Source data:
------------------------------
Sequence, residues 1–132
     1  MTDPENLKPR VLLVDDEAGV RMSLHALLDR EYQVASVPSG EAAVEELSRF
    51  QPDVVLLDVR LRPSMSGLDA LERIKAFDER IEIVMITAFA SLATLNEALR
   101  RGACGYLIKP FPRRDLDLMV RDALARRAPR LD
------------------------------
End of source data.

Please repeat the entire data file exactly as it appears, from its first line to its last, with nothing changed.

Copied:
Sequence, residues 1–132
     1  MTDPENLKPR VLLVDDEAGV RMSLHALLDR EYQVASVPSG EAAVEELSRF
    51  QPDVVLLDVR LRPSMSGLDA LERIKAFDER IEIVMITAFA SLATLNEALR
   101  RGACGYLIKP FPRRDLDLMV RDALARRAPR LD